A RICO class action accuses Sony Entertainment and ringtone provider Flycell of cramming unasked-for "services" onto cell phone bills.
The lead plaintiff, an Air Force pilot, says the facts show "the depth to which some of the most powerful combatants will go in order to steal billions of dollars from unwitting and relatively helpless consumers," Courthouse News Service reported.
Mark Smith, of South Carolina, says he learned of the charges when he went to an AT&T store to complain about dropped calls, poor reception and high charges.
As he and an AT&T employee pored over Smith's 68-page bill, they found charges totalling $19.99 from Flycell.
"Further investigation of prior billings disclosed that AT&T had billed on behalf of Flycell charges of $19.99 every month for over a year" even though Smith inisists he had never heard of Flycell and had not knowingly purchased any Flycell products.
"At no time did plaintiff agree to pay for media content from Flycell," Smith says in the suit.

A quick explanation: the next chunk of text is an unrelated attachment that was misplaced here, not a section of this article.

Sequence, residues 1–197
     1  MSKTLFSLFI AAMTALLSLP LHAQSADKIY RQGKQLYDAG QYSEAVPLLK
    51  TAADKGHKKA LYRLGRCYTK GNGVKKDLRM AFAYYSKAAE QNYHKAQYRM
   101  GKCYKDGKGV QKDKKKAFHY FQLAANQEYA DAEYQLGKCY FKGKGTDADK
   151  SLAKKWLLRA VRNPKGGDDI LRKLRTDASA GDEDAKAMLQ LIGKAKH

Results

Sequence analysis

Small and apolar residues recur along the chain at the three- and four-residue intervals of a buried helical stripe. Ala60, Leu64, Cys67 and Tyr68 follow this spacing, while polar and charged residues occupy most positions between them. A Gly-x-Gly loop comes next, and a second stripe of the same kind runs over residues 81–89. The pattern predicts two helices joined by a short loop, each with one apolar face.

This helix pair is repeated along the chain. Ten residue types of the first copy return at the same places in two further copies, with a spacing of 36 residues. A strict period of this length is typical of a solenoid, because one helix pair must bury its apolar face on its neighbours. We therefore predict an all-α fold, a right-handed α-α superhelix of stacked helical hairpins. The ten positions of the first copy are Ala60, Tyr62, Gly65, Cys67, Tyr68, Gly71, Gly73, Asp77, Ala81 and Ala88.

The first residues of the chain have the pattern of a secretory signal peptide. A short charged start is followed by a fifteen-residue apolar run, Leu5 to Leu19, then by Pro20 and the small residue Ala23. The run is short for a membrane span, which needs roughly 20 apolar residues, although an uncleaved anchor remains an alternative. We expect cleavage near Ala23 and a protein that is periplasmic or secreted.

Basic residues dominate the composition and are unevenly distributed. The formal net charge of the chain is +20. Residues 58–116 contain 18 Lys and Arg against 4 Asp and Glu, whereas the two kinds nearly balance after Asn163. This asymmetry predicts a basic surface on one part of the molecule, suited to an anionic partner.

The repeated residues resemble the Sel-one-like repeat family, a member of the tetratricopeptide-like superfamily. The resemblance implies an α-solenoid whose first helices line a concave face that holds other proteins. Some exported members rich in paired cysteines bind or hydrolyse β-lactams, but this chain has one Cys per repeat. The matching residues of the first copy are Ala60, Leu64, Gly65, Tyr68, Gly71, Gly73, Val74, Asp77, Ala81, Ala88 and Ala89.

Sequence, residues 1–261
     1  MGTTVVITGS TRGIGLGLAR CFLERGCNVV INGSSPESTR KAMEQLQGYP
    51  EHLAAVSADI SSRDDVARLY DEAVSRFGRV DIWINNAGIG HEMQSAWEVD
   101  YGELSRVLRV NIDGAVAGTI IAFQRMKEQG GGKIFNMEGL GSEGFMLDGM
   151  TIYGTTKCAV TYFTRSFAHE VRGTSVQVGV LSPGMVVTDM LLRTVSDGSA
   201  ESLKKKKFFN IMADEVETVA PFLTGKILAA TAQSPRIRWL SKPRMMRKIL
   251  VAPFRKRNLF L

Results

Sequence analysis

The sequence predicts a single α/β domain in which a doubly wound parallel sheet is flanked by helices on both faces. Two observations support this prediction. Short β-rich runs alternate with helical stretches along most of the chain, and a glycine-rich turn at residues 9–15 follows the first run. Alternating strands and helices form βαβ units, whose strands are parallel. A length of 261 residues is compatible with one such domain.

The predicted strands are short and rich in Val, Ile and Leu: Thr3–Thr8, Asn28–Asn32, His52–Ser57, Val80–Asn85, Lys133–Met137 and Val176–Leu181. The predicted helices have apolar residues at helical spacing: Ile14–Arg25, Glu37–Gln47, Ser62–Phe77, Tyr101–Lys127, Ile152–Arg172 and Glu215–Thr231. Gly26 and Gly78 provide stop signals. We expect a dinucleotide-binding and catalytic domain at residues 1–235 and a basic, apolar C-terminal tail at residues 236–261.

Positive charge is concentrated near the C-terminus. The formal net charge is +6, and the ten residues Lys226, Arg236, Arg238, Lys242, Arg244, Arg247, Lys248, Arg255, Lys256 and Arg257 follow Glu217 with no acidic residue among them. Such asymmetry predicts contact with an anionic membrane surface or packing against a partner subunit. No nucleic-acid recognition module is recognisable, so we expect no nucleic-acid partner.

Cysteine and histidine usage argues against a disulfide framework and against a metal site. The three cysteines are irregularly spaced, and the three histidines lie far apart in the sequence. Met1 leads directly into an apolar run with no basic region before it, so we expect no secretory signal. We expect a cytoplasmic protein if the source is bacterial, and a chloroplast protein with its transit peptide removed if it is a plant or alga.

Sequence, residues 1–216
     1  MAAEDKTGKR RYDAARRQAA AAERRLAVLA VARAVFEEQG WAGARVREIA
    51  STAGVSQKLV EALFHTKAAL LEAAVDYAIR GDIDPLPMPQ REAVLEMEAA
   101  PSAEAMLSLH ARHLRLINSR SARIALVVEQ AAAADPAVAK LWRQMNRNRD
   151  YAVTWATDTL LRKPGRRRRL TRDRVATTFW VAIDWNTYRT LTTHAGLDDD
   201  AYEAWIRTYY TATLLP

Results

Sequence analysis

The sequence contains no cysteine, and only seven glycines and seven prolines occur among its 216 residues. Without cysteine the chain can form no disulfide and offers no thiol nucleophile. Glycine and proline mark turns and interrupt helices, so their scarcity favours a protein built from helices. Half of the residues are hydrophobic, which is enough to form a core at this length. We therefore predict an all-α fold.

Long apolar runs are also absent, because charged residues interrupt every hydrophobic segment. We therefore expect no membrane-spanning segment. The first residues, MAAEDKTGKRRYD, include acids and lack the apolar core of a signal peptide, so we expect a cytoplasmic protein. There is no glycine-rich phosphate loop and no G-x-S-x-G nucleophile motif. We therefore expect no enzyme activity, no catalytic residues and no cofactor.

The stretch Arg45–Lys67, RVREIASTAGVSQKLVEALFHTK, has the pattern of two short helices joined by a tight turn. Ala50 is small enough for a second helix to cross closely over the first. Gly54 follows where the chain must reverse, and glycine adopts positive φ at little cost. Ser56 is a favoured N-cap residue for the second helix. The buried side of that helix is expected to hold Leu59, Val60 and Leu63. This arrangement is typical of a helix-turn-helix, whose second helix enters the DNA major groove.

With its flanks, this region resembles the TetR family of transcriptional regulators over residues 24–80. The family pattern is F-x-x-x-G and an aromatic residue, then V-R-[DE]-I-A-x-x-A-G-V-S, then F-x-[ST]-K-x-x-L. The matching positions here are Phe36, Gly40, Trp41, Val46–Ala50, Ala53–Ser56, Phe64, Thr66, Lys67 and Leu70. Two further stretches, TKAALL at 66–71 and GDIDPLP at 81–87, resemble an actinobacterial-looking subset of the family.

And just what is this Flycell?
It describes itself as "an online hub for customers to download cell phone ringtones, graphics, games, entertainment, and sports programs." It is a wholly owned subsidiary of New York-based company Acotel, which is also named as a defendant in Smith's suit, which was filed in U.S. District Court in Manhattan.
Smith said it took him two solid months of complaining to get the charges reversed. He seeks an injunction against further cramming and treble damages for fraud, RICO conspiracy and unjust enrichment.
Smith is hardly alone. ConsumerAffairs.com has been publishing consumers' complaints about Flycell since at least 2006, most of them remarkably similar to Smith's.
"This company randomly solicited their ring tone services to me, which I declined. I then responded STOP as instructed to deny services and charges, but they have been charging me anyway," said Lauric of El Segundo, Calif., in a recent complaint. "This company scams money from people and provides no contact information to cancel and/or question these fraudulent charges. Something needs to be done. I have been receiving $10 a month in fraudulent charges on my cell phone bill."
The Federal Communications Commission defines cramming as "the practice of placing unauthorized, misleading, or deceptive charges on your telephone bill," according to the complaint.
AT&T is not a defendant in Smith's suit.